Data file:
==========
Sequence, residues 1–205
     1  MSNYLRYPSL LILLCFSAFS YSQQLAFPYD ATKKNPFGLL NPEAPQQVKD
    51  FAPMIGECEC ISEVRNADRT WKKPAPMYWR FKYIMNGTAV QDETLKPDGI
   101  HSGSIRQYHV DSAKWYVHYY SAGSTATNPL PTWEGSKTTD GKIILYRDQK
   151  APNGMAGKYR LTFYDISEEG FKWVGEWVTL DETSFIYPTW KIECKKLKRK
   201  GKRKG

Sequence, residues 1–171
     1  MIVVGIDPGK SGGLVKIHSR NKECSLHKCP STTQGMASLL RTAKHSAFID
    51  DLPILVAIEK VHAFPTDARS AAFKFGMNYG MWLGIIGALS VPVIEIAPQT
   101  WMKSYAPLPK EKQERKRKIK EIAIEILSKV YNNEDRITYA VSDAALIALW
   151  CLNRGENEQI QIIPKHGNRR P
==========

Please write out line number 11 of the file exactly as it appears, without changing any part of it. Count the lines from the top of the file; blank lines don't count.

   151  CLNRGENEQI QIIPKHGNRR P